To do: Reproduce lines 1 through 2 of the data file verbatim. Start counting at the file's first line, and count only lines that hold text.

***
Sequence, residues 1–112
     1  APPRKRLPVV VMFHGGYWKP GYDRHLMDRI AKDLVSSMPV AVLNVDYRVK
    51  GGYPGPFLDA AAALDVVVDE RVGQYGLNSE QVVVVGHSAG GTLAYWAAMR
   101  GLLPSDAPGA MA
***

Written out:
Sequence, residues 1–112
     1  APPRKRLPVV VMFHGGYWKP GYDRHLMDRI AKDLVSSMPV AVLNVDYRVK